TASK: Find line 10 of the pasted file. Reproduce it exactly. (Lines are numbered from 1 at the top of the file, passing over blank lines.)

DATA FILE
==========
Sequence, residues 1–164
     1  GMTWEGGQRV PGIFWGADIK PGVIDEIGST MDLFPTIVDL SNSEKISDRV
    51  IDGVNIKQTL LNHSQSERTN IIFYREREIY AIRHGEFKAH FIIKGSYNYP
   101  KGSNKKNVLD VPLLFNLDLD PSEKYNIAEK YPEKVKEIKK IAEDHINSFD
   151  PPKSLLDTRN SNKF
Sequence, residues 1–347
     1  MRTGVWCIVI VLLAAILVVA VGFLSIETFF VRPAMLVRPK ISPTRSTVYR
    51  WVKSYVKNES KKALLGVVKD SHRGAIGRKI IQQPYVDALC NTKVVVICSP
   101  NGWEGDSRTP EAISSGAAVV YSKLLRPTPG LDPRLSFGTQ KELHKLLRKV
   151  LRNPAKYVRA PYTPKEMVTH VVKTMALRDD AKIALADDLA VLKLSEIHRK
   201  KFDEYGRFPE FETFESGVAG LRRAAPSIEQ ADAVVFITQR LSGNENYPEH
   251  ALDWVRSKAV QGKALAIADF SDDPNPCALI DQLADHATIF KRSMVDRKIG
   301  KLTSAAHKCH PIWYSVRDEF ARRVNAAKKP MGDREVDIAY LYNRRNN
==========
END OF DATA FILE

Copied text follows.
   151  LRNPAKYVRA PYTPKEMVTH VVKTMALRDD AKIALADDLA VLKLSEIHRK